When we unloaded our last reduction-cooled train kiln wood firing at Cobb Mountain Art & Ecology Project, we found several pieces at the top of one stack covered in silvery, plasticky-metallic flakes as seen in the short video clip above. We were of course curious to know what these were! Carbon from excessive reduction? Iron from the grate bars? My best guess is that when we closed up the kiln with a full firebox, large amounts of carbon started depositing on some pots whose surfaces were still a bit molten from the hot finish of the firing, and these flakes that we’ve seen are what formed when that carbon-silicon-aluminum-sodium-potassium melt cooled. Here are some studio photos of the same piece from the above video, progressively more close-up (24mm limit of my zoom lens, 70mm limit of my zoom lens, 85mm macro lens):
If you click on the embedded images here (anywhere in this post) you should be able to view a full-size 40 megapixel image, but please be patient as it will take a few minutes to download. Just by color you could imagine this being something like graphite, or possibly a metal but iron would presumably have oxidized at the end of the reduction down-fire… Below is an optical microscope image of a small flake of this stuff, taken at 200x:
Of course we can go to much higher resolution using a Scanning Electron Microscope. The following gallery shows a set of representative images of what this stuff looks like at 2500x, 5000x, and 20000x:
The stuff is full of holes! If you look closely you can also spot some little spherical beads here-and-there. Here are two more images, at 50000x and 120000x, zooming in on the sphere near the center of the middle image from the above set:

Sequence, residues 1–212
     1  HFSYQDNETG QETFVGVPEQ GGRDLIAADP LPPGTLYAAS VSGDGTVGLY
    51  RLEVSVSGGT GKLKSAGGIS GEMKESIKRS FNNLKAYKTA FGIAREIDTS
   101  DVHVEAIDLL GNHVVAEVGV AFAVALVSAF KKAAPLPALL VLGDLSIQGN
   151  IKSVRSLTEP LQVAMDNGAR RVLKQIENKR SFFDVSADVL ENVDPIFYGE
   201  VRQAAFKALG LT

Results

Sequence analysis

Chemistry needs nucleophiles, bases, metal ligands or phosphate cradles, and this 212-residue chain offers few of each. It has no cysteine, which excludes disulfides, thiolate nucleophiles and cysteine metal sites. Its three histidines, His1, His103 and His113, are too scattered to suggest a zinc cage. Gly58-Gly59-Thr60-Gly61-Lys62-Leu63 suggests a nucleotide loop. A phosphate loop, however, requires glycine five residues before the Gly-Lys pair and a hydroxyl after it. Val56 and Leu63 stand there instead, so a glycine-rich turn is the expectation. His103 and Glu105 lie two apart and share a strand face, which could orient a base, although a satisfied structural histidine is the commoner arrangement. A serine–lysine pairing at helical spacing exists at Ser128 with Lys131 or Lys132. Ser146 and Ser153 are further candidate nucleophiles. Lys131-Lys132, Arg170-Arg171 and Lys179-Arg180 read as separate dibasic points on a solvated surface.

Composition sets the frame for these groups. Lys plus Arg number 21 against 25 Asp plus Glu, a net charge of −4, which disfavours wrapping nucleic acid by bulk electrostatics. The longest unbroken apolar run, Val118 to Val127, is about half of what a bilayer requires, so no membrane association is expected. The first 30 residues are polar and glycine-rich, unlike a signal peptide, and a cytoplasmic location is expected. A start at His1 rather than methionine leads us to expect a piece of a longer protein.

Note the scale bars on these micrographs — the sphere is only 2 or 3 microns in diameter! Using a tool called an Energy Dispersive Spectrometer (EDS) incorporated within the electron microscope we can estimate the elemental composition of the holey matrix and these scattered little spheres. This first screenshot from the EDS control software shows that measurements taken at a point in the holey substrate yield readings of mostly carbon, plus a bit of oxygen:
These readings are taken at the point marked with the crosshair and “4” in the image in the upper-left window; the estimated elemental composition is shown in the table in the lower-right window: something like 99% carbon. The next screenshot shows readings taken at the crosshair marked “1” right on one of the little spheroidal beads:
Here we have silicon, aluminum, potassium, sodium, calcium and magnesium — very clay-like — in addition to oxygen and a bit of carbon. So the little spheres are more like a ceramic material, possibly a zeolite (just guessing from past studies of different samples)?
The next screenshot shows some data taken with a Raman microscope:
This isn’t the greatest data and it’s hard to explain Raman spectroscopy in simple terms, but the pair of prominent peaks near the middle of the spectrum are consistent with what you’d expect if you were looking at a sample of carbon soot or pyrolytic carbon.
One last fun bit of speculation regards how the spheroidal beads might be related to all those holes in the carbon. I happened upon the following little micro-scene while exploring my flake sample with the scanning electron microscope (12000x view on the left, 65000x view on the right):
I would speculate that what we’re seeing here is a sphere that started forming but didn’t finish, and it is curiously sitting right in the middle of a hollow whose dimensions are very similar to those of the ubiquitous holes…
Part of this work was performed at the Stanford Nano Shared Facilities (SNSF), supported by the National Science Foundation under award ECCS-2026822.